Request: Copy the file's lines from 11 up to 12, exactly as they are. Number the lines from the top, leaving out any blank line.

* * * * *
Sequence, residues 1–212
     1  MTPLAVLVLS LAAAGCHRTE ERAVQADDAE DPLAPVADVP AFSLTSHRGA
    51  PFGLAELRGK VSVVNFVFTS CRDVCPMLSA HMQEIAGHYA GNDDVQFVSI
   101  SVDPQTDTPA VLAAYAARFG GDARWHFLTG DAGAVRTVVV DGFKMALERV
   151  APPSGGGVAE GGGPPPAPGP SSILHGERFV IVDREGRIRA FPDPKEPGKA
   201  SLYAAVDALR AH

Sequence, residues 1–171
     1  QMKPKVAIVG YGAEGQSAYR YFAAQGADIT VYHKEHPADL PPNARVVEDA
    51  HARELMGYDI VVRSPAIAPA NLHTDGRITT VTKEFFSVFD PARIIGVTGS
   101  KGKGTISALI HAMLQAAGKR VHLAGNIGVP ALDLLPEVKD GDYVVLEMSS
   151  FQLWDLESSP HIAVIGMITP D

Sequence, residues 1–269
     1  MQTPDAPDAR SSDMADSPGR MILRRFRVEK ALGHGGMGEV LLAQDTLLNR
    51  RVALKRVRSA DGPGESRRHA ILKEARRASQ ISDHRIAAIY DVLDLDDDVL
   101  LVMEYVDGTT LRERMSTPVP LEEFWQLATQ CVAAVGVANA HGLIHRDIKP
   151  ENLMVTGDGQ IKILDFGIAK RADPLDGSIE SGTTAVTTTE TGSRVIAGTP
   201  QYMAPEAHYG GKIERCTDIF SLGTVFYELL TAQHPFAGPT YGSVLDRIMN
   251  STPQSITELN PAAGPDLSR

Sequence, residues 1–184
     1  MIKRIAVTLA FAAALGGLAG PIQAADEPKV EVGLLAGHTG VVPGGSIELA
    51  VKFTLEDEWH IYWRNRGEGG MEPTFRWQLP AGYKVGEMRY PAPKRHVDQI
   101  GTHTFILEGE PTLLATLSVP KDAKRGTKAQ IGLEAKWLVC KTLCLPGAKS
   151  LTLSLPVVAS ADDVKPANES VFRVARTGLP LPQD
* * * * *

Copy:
   151  FQLWDLESSP HIAVIGMITP D

Sequence, residues 1–269